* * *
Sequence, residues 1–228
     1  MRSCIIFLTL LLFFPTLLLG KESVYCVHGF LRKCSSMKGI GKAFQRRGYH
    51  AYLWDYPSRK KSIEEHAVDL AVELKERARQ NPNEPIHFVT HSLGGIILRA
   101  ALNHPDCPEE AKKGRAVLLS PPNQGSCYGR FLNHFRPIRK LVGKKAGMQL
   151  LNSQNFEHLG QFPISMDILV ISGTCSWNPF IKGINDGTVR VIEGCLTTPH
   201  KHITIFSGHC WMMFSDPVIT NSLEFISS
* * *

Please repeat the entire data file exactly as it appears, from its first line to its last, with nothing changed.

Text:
Sequence, residues 1–228
     1  MRSCIIFLTL LLFFPTLLLG KESVYCVHGF LRKCSSMKGI GKAFQRRGYH
    51  AYLWDYPSRK KSIEEHAVDL AVELKERARQ NPNEPIHFVT HSLGGIILRA
   101  ALNHPDCPEE AKKGRAVLLS PPNQGSCYGR FLNHFRPIRK LVGKKAGMQL
   151  LNSQNFEHLG QFPISMDILV ISGTCSWNPF IKGINDGTVR VIEGCLTTPH
   201  KHITIFSGHC WMMFSDPVIT NSLEFISS